Thursday, September 09, 2010

Structured storage viewer

Before the advent of .NET, Windows development involved a lot of fiddling around with COM interfaces and trying to figure out HRESULT error codes. One prime example of this is the interfaces used to access structure storage. Structured storage is a strange beast itself, providing a way to stitch together composite files, sort of like a seriously complicated version of ZIP files. Of course this was a solution in search of a problem, it turns out ZIP files are pretty much adequate for most situations, which is probably why Office now uses them.

But these technologies have a habit of sticking around (I guess Windows will continue supporting structured storage for the rest of time or until Windows no longer exists, whichever comes sooner). So I was faced with writing some code that had to interact with structured storage. .NET wisely doesn’t have any support for it, so I was faced with dealing with the really horrible COM interfaces. And I was even thinking I’d have to write a little application to let me see inside these composite files, so I’d have a clue what was going on. But fortunately I discovered somebody had already done the job for me, and I finally get to the point of this post. If you need a structured storage viewer, download it from here.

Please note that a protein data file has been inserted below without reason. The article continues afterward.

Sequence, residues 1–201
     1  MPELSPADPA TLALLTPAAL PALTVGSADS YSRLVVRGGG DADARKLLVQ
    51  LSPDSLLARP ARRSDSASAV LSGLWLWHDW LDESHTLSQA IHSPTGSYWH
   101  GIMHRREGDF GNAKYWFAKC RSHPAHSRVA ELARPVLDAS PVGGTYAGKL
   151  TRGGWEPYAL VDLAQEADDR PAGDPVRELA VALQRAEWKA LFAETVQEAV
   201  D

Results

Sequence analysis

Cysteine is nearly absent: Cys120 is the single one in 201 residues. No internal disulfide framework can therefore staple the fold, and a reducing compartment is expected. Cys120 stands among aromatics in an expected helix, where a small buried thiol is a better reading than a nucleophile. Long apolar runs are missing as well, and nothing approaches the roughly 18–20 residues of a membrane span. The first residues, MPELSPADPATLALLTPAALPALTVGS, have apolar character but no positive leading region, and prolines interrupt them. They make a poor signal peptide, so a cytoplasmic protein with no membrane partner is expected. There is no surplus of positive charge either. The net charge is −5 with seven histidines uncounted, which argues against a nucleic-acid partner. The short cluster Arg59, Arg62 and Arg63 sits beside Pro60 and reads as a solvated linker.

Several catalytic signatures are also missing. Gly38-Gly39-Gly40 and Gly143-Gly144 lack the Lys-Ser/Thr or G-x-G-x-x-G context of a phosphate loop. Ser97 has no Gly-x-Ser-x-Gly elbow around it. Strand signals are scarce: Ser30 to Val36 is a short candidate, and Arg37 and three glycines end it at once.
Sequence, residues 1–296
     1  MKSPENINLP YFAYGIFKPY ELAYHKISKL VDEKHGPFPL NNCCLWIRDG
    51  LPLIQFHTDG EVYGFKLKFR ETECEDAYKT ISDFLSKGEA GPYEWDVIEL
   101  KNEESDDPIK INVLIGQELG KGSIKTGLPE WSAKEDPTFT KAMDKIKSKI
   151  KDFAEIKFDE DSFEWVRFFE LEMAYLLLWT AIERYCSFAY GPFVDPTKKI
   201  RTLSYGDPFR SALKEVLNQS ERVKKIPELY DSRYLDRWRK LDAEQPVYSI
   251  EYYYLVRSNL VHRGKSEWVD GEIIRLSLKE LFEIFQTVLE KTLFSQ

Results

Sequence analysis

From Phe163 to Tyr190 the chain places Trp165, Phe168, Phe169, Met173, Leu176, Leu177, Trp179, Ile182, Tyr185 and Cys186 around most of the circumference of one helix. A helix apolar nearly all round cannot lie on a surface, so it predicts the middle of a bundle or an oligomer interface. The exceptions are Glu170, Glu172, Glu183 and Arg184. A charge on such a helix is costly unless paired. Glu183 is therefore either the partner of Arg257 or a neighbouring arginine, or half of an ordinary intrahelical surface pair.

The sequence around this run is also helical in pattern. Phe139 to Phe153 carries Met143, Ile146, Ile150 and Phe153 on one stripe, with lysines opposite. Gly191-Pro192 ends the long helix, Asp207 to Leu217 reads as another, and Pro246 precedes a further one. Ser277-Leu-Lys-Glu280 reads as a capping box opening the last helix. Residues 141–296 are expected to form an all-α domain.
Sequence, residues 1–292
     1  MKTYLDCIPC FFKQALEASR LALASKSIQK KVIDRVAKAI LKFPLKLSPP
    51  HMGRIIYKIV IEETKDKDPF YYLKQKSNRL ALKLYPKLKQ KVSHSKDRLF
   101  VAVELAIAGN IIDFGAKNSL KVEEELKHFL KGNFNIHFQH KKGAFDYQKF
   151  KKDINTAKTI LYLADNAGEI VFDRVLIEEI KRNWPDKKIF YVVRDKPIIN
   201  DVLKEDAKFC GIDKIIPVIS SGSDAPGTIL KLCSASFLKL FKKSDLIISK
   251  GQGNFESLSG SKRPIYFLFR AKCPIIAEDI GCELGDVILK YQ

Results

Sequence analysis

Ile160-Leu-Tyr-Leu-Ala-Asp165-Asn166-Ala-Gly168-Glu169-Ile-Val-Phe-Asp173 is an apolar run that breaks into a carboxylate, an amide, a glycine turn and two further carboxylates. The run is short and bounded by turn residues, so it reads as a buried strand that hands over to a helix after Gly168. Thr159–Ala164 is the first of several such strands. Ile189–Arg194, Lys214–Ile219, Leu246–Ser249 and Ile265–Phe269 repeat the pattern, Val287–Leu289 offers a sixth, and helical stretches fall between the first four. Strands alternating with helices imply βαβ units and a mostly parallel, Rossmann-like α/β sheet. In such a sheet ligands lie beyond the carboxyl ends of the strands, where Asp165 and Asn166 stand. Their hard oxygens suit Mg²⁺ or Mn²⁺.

Phil said...

Structured storage was an answer to a problem that has gone away. When 640K bytes was the max on a PC (and many PCs had less in the early days of Windows) it was necessary to load pieces of a file rather than the whole file. Unix, which had the same problem at the time, just implemented the ability to read a specified number of bytes at a specified offset and programmers figured out on their own how to use this. Microsoft wanted their programs to interoperate and developed these APIs as a standard way to segment a file. Like much of what MS did in those days they were not carefully designed but were hacked together by smart people who believed working code answered all objections.

Doogal Bell said...

Interesting point. I didn't realise that structured storage was that old!